A well-equipped individual can easily check up on their mechanical advance. First, the hose leading to the vacuum advance should be disconnected and plugged off. The initial timing should then be set the desired setting (12-16 degrees). If using a dial-back timing light, then the light should be set 20 degrees past the initial setting (ex. 16 initial + 20 = set light for 36). Timing tape will be required if using a standard style light. More expensive models of timing lights may have a tachometer built into them and can aid the user. If not, then have an assistant observe the tachometer or temporarily install one under the hood. Snapping the throttle should make the timing mark move. Pulling the throttle harder and holding it at 3,000 RPM should provide the desired reading. A dial back timing light would show 0 degrees (because the light would be dialed back 32-36 degrees) and a standard light would 32-36 degrees with the timing tape. If not, then lighter springs must be installed until the reading is near this RPM range. Fine tuning beyond this point is up to driver. Experimenting with initial timing and spring weights can help to fine-tune response. Initial timing beyond 16 degrees or bringing in the total timing below 2,500 is not recommended and should not be necessary. The vacuum advance can then be reconnected and adjusted.

    If satisfactory results can not be achieved, then other adjustments may be in order. Starter drag can be cured by using higher torque starters. The center plate in the mechanical advance mechanism can also be reshaped to allow more advance. This would mean that less initial advance to achieve the desired total timing. There is an excellent article by Jim hand that covers some of this process.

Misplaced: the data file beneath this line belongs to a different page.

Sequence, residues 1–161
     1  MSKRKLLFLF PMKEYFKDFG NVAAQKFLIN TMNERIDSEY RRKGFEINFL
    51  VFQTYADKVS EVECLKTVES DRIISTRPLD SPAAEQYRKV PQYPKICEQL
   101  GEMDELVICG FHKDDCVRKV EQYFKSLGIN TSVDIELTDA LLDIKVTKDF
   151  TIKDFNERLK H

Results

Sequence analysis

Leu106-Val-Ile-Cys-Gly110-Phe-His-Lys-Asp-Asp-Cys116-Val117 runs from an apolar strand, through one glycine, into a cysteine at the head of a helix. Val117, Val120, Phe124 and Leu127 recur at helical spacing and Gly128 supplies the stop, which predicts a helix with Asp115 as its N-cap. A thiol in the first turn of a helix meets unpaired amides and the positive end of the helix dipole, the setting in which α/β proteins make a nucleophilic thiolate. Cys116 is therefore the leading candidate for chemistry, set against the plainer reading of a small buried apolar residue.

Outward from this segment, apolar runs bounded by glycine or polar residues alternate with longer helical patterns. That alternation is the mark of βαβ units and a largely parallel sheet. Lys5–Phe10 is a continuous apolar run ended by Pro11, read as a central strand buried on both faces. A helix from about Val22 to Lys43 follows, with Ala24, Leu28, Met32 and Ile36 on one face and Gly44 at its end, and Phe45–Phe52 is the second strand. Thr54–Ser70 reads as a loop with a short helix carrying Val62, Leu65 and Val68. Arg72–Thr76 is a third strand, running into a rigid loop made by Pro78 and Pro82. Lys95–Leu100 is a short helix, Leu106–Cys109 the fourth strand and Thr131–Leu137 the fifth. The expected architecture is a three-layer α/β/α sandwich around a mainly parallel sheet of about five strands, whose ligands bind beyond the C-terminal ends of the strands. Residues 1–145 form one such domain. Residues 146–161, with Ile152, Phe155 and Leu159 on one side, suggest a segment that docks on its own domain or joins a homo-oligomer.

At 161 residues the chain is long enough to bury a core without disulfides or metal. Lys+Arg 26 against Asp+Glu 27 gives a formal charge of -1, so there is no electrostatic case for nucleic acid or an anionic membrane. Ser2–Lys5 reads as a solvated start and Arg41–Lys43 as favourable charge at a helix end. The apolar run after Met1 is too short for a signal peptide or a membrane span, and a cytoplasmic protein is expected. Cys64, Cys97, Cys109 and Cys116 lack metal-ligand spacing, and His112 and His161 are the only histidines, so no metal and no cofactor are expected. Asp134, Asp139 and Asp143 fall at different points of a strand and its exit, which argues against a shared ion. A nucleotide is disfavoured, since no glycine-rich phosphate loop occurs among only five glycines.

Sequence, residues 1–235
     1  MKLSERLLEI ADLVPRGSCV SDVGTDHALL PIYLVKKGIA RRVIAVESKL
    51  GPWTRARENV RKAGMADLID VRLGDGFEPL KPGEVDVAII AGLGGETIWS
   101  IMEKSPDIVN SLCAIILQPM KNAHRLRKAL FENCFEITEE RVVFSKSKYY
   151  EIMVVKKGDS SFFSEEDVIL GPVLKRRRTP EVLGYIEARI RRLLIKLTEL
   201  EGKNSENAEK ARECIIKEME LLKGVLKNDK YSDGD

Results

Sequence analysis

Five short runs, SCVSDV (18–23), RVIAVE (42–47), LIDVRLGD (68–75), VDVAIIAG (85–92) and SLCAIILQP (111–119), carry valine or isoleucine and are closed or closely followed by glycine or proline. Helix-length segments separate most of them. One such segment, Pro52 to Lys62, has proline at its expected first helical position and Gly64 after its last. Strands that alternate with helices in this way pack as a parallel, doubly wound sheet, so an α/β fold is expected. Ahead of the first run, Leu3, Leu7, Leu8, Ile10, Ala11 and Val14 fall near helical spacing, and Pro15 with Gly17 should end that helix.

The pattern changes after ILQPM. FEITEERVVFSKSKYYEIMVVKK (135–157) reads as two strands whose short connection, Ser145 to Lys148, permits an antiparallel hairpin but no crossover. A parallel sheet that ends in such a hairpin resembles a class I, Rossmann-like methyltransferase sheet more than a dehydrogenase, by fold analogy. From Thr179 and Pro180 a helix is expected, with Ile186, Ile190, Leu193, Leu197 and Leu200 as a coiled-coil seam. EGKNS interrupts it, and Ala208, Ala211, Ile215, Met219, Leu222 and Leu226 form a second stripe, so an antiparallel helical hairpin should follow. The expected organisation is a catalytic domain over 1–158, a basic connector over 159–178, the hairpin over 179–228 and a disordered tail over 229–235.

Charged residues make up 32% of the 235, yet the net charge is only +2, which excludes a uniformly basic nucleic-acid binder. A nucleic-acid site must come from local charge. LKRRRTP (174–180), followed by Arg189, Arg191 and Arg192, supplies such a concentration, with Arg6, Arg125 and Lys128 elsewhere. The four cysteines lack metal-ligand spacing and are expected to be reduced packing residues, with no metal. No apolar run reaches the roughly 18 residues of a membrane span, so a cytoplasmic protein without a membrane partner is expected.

A lean mixture can also result in higher combustion chamber tempatures and lead to detonation. Improper heat range spark plugs could also create problems. Spark plugs radiate off heat and are made in different ranges that control the rate of this. A "cold" plug dissipates heat easier than a "hot" plug because of design characteristics. Signs of too hot of a plug can be specs on the porcelain, or a lack of color. The porcelain should be a light brown, tan, or grey. Lack of color indicates a lean condition or the wrong plug. A fouled plug could be too cold, too rich of a mixture, or a weak ignition system.

    Coolant temperature can also affect the occurrence of pre-ignition. Switching from a 195 degrees thermostat to a 180 degree unit can help keep the combustion chamber cooler. Lastly would be selecting better fuel with a higher octane rating. If the owner is dead set against the use of premium fuel, perhaps they should reassess what they intend to do with their performance motor. A quality motor is expensive and using better fuel to power it may be part of the expense. If $.10 a gallon more is too much to spend, then the Goodwrench 350 with stock settings is a great 87 octane power plant.

    Ideal timing is difficult to achieve, but can yield impressive results. These modified settings may alter emissions levels and could cause the owner to fail testing. Therefore they should only be performed on exempt or off-road only vehicles. Extended driving with improper timing can also engine damage or failure. However, proper timing can also lead to better throttle response and more power!
     
  6. Blazer_Boy

    Blazer_Boy 1/2 ton status

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    "I'm gonna ride around in stlye. I'm gonna drive everybody wild. 'Cause I'll have the only one there is in town...." /forums/images/icons/laugh.gif
     
  7. TopOff

    TopOff 1/2 ton status